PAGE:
We return to this month's CSFF Blog Tour feature, speculative novel Haunt of Jackals, sequel to Field of Blood in the Jerusalem's Undead trilogy by Eric Wilson. Because the two books are so intertwined in my thoughts, and since Jackals follows immediately on Blood's heels (no pun intended), I'll be discussing them together.
As one raised to love a good story, the Good Book, and a good many bits of obscure yet interesting information, I came to this series prepared to enjoy it. If a novel keeps me glued to my seat or stretched out on the couch for hours, that's a good story. Haunt of Jackals (HoJ) received a quicker read than its predecessor, Field of Blood (FoB), which remained on the bedside table for two weeks, about one-quarter read, before I picked it up again. Granted, a great book can still languish -- not because I don't like it, but because I'm either 1) mulling its depths, as when I first encountered Victor Hugo's Les Miserables, or 2) dealing with its emotional effects, as I did after my brother gave me a copy of Rora by James Byron Huggins.
With Field of Blood and Haunt of Jackals -- though HoJ is more rapidly paced than FoB -- I had the persistent thought that the story would have been better served by being condensed: FoB could have been Part 1 of the book, and the bulk of HoJ could have been the rest. Maybe that's the editor in me, always looking to advance the story down the most efficient path.
Wilson skilfully keeps the story clear despite its complications and numerous characters. I like his use of chess as a recurring motif, and his adeptness at weaving Christian and Judaic tradition, Scripture, modern events, geography, vampire mythology, and history into intriguing, believable fiction. Who knows but that there really are Collectors and Concealed Ones among us?
Rasputin, by the way, was an interesting and unexpected addition.
About the Collectors: I never quite bought into all their behaviors, speech patterns, and thought processes. This could just be me again, but they seemed to have too much modernity and sameness. And, though readers are expected to be concerned for the welfare of protagonists in any given story, I never actually felt any real tension until late in FoB, when a Collector approached Gina at her job then later joined forces with a bomber. Not good for Gina; great for the story.
There might have been more tension and suspense if the story started later, and if the conflicts, secrets, and revelations provoked action rather then brooding and angst. Gina's attitude wearied me. Once, when she dwelt one more time on the troubles between her and her mother, I actually said out loud, "Enough already!" She ponders it again in HoJ when she considers trying to bleed away her adopted son's tragic memories. By this time, however, she's been through her own tragedies, and she's matured.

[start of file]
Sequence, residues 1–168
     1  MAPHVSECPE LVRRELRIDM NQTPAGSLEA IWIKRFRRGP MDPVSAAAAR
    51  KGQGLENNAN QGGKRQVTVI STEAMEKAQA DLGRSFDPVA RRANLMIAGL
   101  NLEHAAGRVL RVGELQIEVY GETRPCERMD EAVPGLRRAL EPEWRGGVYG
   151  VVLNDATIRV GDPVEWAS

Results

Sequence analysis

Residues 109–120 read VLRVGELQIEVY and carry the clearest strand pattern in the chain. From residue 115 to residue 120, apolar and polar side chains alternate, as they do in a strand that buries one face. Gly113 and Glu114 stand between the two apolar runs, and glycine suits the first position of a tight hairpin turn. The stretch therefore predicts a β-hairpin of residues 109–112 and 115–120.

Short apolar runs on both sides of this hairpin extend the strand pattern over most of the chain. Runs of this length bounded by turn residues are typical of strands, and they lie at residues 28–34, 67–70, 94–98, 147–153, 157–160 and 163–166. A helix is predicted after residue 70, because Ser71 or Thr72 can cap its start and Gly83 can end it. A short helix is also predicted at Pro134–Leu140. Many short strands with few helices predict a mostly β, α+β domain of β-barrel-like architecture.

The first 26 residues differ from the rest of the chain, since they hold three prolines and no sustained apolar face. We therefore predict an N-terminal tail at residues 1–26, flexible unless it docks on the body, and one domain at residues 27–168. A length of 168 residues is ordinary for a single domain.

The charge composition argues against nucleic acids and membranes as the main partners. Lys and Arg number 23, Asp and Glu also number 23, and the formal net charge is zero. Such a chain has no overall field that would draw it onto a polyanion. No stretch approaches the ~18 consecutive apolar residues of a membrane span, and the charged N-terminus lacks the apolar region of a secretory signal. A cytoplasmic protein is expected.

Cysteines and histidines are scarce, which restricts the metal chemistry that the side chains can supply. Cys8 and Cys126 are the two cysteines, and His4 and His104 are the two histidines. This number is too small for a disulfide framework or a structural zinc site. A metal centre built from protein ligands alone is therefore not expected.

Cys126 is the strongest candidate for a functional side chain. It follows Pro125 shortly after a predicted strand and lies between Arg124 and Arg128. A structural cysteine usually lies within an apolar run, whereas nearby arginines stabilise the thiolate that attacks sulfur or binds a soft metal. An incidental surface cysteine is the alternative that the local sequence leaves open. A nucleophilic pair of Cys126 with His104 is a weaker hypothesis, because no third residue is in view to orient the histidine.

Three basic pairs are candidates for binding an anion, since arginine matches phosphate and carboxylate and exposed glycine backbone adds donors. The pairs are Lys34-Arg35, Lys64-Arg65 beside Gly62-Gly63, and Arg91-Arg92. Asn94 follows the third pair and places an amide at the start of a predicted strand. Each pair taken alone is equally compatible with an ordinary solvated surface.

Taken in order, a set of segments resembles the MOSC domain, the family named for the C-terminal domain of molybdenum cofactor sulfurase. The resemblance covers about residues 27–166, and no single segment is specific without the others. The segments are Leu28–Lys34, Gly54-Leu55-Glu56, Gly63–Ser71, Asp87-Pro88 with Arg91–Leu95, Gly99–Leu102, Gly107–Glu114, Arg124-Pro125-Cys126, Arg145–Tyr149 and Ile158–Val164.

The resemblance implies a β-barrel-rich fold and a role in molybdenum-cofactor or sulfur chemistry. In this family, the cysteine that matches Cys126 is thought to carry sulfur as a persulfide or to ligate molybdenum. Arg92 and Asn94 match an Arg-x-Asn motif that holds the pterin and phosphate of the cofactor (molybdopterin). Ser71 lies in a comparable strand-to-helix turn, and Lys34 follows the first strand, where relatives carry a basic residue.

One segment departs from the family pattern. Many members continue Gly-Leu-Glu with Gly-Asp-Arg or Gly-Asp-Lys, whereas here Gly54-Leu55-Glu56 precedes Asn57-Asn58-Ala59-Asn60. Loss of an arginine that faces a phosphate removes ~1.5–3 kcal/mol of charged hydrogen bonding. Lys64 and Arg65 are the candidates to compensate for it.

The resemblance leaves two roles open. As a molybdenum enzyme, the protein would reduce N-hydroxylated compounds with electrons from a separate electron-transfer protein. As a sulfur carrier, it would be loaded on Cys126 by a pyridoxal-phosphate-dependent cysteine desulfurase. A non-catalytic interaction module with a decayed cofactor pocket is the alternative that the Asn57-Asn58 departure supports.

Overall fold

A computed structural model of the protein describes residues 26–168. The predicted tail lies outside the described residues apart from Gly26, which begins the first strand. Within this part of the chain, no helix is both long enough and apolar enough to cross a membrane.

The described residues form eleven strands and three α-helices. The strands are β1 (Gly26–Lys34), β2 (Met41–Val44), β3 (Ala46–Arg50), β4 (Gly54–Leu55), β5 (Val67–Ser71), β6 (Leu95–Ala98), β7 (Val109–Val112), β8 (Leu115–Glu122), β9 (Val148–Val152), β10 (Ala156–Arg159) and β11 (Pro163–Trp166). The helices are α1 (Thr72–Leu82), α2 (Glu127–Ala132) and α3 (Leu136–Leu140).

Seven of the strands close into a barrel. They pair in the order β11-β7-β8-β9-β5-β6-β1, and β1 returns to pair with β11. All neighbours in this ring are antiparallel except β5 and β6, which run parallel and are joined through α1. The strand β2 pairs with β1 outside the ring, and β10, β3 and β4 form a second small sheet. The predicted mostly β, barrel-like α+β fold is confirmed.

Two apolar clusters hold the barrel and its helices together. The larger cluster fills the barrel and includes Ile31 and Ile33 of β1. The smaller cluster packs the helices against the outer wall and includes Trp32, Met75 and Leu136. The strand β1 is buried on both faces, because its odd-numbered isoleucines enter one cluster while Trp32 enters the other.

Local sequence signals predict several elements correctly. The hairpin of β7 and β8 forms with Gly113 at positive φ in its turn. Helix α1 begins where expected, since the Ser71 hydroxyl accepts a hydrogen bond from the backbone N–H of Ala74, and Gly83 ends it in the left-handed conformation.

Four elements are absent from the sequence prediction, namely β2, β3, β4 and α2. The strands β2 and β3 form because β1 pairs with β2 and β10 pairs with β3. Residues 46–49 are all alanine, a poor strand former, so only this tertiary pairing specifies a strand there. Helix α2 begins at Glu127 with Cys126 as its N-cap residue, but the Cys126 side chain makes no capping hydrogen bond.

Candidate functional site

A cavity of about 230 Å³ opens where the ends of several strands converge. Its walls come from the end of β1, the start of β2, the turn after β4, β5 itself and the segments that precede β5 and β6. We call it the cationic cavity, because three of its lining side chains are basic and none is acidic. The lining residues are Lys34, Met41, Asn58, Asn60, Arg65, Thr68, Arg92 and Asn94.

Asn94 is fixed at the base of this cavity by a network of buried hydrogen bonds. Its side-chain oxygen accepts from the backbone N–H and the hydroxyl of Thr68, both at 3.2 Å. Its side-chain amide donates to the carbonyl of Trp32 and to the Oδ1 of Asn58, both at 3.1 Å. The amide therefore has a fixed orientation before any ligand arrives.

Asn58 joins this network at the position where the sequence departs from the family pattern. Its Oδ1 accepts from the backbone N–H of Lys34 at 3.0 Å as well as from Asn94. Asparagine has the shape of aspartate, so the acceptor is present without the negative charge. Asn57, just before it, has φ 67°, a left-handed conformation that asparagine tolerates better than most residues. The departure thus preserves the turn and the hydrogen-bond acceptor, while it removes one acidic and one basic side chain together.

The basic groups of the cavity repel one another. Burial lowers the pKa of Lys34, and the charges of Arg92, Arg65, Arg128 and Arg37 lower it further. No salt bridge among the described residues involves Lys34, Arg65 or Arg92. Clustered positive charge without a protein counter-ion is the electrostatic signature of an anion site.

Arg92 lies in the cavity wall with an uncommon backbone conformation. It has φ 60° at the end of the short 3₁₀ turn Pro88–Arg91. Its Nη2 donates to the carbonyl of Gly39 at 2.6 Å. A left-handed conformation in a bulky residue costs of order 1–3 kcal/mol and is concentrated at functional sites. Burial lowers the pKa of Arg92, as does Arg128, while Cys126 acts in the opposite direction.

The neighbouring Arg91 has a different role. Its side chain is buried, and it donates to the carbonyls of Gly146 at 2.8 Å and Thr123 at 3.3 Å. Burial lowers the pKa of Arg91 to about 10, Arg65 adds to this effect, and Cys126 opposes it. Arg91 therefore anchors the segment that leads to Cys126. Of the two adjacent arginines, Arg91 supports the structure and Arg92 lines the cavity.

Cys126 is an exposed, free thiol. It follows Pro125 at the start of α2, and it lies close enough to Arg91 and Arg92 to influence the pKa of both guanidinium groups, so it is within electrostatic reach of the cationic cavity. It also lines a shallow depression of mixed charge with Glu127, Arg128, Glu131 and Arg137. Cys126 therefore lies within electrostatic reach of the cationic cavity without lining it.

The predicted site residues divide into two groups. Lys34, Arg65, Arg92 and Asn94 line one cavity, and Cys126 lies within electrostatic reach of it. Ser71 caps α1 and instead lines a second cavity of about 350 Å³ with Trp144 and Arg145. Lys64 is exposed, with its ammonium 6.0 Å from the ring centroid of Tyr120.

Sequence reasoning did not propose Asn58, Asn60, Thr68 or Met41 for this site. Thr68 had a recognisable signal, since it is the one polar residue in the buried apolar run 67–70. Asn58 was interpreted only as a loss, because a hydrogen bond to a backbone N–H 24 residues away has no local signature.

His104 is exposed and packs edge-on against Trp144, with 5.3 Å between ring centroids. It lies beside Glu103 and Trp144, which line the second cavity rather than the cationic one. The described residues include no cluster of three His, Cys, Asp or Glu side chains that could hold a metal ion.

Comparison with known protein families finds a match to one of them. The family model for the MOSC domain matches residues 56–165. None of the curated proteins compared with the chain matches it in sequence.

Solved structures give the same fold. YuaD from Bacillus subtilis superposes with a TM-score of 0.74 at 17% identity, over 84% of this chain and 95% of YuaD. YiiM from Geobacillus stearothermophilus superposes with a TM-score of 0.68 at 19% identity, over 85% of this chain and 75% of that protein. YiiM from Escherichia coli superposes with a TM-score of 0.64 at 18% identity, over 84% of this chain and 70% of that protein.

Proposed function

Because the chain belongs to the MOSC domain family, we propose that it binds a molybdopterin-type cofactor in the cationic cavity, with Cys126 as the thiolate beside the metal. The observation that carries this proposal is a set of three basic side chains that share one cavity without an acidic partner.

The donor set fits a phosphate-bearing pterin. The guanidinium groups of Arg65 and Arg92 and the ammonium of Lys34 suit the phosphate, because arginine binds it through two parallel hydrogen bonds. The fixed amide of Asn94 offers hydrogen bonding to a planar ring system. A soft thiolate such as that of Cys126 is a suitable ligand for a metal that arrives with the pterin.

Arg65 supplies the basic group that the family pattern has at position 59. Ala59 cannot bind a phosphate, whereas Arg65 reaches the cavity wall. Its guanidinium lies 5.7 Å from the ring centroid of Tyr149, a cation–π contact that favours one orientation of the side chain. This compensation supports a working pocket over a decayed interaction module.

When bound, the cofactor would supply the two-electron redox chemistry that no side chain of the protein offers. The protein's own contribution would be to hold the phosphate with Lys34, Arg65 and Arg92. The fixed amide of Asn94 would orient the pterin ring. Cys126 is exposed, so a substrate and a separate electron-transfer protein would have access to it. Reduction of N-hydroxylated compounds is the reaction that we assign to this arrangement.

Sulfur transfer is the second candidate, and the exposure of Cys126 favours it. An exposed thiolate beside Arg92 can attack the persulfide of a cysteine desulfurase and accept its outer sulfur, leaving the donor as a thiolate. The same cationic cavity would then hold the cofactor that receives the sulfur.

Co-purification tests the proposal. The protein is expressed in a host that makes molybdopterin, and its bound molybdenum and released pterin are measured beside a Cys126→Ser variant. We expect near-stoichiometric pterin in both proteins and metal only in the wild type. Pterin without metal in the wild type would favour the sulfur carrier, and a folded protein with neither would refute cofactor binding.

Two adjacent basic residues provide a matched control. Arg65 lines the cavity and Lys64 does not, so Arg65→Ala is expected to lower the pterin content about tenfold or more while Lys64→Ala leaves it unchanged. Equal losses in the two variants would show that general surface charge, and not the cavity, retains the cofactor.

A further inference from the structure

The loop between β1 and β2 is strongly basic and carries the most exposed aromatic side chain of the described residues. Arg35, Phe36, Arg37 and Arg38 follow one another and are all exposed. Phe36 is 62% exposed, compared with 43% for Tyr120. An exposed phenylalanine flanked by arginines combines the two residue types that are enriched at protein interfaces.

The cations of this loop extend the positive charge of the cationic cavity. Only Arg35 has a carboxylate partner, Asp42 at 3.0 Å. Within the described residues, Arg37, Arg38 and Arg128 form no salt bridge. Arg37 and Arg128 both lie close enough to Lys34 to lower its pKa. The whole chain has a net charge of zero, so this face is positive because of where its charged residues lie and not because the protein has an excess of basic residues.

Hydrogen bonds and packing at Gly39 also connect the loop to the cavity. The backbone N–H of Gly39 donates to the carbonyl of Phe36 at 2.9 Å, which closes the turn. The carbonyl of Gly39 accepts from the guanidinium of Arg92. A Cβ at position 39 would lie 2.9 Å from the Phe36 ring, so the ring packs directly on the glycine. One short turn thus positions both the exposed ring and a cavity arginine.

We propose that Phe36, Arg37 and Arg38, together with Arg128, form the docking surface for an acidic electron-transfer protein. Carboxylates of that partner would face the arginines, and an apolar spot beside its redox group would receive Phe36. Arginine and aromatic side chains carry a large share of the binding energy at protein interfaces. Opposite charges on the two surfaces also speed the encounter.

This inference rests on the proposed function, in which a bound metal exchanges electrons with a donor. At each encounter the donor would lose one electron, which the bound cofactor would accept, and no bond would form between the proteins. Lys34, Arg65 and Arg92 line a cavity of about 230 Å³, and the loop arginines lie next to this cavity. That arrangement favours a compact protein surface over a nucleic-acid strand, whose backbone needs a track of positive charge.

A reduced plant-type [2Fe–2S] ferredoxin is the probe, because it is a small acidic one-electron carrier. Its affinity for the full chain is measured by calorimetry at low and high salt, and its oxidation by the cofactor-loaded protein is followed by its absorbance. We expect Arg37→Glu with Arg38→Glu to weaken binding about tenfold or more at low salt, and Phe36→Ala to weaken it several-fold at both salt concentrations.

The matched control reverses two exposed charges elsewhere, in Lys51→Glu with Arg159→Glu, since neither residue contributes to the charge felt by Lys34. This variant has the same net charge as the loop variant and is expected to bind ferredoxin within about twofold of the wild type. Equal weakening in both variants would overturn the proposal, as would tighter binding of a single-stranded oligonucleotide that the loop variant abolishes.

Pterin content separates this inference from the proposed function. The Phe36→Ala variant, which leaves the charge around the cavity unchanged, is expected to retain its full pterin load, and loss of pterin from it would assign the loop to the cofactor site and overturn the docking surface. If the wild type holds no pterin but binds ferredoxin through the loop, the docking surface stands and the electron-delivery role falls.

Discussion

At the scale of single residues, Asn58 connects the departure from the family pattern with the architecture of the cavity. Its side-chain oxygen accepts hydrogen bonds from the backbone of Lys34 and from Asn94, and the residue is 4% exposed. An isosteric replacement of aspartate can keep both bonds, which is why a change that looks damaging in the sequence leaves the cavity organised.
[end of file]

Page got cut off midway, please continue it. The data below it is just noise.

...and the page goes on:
Though surrounded by other characters who sometimes carry the story, Gina is the heroine. As such, she is expected to grab the audience's sympathies so they'll be on her side throughout the story. Due to her commission and her true identity, I wanted her to succeed; as a person, though, she made little connection with me. The same with Cal, her father.
Dov, the teenage boy with the horrific past and a burdened future, and Teo, Gina's childhood sweetheart who still loves her yet who betrays her, are the two most realistic characters in Haunt of Jackals. I believe them. Maybe that's because I've been the teenager who's seen and experienced terrible things, and I've been the one who carried a secret affection, know it would never be returned in quite the same manner. But, more than that, perhaps Wilson believed them, too, and so wrote them -- whether he intended to or not -- with more tension, understatement, and realism.
Speaking of realism, I like the fact that Wilson set part of the story in the Pacific Northwest. I spent most of my first fourteen years in Oregon (that's OR-reh-ghen, not or-i-GON), know about OMSI, used to visit family in Portland, and still have relatives in the Willamette Valley (will-AM-et, not william-ET). It's always a kick for me to encounter stories set in Oregon and Washington.
Maybe that's why I enjoyed watching "Frazier" when it was on the air. Anyhoo. Moving on.
One thing I enjoyed about HoJ is the way the story ranges all over the world. Since childhood, I've been fascinated by atlases, globes, and maps of all kinds -- probably something to do with the influence of Treasure Island -- but I've only traveled the United States and Honduras, so if a story can transport me to exotic places, I'll hang on for the ride.
And if the story explores the dark while still shedding light, better still. HoJ is about light shining in darkness, and though the dark may close in, it never overcomes.
This has been a mixed and rambling review; I'll try for a little more cohesion tomorrow. Meantime, for other opinions of Haunt of Jackals, click here for a list of other blogs on the tour.